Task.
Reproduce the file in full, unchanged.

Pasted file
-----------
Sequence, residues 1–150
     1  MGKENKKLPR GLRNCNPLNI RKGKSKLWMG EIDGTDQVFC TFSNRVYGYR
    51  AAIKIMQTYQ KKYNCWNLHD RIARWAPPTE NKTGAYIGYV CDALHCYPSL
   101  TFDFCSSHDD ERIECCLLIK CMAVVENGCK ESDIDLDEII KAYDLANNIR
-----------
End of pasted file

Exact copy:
Sequence, residues 1–150
     1  MGKENKKLPR GLRNCNPLNI RKGKSKLWMG EIDGTDQVFC TFSNRVYGYR
    51  AAIKIMQTYQ KKYNCWNLHD RIARWAPPTE NKTGAYIGYV CDALHCYPSL
   101  TFDFCSSHDD ERIECCLLIK CMAVVENGCK ESDIDLDEII KAYDLANNIR